11 September 2017

On Friday night I sat watching the Sydney Swans Hawthorn AFL game and noted the Beyond Blue dance entertainment put on at half time. High energy, eye-catching dancing with performers in dazzling electric neon blue suits. Contrasting against the dark night sky they certainly caught my eye. The Beyond Blue dancers were there to draw attention to the help mechanisms and strategies that exist for the issues of anxiety, depression and suicide that have become increasingly prevalent in today's society. An interview with Dr Julie Gillard, Chair of the Beyond Blue organisation followed. During the interview I learned that three million Australians are struggling with anxiety or depression, 1:8 people nationally, of which six cases out of eight are male. Two pertinent comments Dr Gillard made were:

  • We recognise the symptoms of a broken bone and typically we go immediately to seek professional help and remedy.
  • Can we recognise the onset of anxiety and depression and if so do we act accordingly when we are suffering or hurt in this manner?

The reason the half time entertainment and interview struck a chord with me is that during the past week to our staff and within Middle and Senior School classes we have introduced and showcased organisations such as Beyond Blue and Head Space WA. Boys had guest speakers, engaged in group discussion, classroom activities and discovered resources and how to access pathways they can use either for themselves or their family and friends if anxiety or depression take hold. These organisations, their work, strategies and accessibility must become a greater part of our everyday dialogue within schools, businesses, community groups and families. Recognising symptoms of anxiety and depression in ourselves or around us is critical.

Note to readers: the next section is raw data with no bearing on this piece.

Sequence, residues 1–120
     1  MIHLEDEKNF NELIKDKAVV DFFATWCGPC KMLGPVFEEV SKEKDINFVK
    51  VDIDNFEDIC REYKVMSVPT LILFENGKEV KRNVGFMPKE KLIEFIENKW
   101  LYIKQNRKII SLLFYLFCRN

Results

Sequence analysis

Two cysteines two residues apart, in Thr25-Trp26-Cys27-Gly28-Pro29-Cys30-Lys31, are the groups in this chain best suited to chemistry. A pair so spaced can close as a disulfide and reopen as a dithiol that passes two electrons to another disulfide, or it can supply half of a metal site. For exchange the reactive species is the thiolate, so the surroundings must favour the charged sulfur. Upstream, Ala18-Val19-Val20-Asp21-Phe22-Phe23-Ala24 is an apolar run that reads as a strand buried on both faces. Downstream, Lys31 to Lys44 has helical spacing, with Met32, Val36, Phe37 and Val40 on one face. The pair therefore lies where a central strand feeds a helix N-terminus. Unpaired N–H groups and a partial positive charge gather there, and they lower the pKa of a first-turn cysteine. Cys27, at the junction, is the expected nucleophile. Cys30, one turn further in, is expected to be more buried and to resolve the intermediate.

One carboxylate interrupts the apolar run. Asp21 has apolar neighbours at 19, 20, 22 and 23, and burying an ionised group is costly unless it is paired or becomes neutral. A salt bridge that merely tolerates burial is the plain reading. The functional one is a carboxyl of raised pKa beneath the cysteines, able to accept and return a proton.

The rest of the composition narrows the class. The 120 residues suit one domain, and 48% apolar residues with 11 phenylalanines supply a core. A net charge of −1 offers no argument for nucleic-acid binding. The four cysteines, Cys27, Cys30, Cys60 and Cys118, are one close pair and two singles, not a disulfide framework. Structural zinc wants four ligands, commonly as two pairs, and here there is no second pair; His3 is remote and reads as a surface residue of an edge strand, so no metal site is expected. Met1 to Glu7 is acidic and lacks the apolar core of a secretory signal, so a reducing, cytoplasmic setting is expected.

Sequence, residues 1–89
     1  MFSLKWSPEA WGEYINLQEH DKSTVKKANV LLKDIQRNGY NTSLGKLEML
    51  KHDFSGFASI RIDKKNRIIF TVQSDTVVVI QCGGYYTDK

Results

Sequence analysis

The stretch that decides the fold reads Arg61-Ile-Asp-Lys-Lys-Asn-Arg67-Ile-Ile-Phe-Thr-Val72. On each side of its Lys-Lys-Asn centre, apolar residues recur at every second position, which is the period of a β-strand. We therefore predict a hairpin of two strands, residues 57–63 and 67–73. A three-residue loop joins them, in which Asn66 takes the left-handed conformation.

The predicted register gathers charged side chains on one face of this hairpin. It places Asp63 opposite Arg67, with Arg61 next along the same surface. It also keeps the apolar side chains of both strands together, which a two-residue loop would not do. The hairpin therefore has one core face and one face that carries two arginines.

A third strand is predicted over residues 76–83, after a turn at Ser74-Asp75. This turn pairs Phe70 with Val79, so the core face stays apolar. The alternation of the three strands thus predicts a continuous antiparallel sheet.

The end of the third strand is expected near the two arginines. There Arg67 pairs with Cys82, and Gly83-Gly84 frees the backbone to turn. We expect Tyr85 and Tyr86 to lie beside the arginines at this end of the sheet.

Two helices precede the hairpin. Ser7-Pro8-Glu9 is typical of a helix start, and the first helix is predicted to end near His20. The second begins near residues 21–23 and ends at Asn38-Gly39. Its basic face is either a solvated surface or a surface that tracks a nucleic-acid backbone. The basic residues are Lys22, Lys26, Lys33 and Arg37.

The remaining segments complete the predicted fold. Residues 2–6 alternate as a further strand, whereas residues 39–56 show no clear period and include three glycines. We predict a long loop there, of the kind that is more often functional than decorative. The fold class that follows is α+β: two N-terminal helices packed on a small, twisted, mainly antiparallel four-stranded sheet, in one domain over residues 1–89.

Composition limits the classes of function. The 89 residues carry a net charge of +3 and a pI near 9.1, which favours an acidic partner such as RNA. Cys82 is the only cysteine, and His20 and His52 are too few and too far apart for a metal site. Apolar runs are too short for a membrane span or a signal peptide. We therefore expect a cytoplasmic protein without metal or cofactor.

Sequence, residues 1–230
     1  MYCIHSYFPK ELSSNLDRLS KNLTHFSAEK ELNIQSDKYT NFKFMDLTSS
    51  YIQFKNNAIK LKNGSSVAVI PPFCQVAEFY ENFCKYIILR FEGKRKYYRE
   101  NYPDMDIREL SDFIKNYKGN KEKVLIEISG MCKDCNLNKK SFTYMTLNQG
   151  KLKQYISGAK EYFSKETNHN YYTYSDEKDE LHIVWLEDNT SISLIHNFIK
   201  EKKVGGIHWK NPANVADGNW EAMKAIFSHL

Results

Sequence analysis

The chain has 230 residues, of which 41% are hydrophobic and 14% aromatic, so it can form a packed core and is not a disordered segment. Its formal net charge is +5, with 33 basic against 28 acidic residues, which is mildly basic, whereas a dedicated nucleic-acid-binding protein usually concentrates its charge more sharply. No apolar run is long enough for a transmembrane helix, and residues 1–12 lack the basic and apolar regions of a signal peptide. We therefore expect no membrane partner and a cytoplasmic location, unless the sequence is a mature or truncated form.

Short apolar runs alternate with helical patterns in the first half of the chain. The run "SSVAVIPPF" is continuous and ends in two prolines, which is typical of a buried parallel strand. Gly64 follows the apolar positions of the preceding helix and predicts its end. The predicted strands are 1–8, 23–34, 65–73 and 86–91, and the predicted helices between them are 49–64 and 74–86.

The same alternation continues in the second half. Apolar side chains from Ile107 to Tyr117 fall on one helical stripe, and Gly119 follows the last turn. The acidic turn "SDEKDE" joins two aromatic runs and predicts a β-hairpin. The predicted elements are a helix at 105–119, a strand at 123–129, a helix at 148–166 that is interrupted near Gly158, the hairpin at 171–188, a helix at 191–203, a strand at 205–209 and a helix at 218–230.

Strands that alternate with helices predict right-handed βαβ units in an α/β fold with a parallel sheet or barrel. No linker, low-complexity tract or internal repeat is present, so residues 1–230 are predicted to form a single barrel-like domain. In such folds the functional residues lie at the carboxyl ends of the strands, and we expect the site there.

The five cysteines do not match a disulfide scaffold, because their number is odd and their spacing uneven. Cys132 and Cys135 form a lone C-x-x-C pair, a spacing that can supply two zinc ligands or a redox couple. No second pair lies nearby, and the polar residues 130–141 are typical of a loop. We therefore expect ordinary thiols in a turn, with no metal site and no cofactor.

The simple statistics detailed above underscores the move the College took last year in creating a Director of Wellbeing position and appointing Mr James Hindle into this role. Along with Director of Wellbeing the College has School Psychologists in each sub-school and Chaplaincy shared across Junior and Middle and Senior School. All of these staff are pillars of strength, knowledge and support and have a wealth of information for boys, or families, to draw on. I would be most grateful if you were to support our conversations of last week, to at some point have your son clarify to you what he knows about recognising, and getting help for these issues. As Dr Gillard pointed out, when we break an arm we seek immediate medical help and the prognosis for recovery is excellent. We need to cultivate the same attitude and approach in our youth, particularly male, that when anxiety and depression emerge, we seek immediate help; as with professional medical help, the prognosis around anxiety and depression is excellent too.

Mr Richard Ledger
Acting Headmaster

beyond blue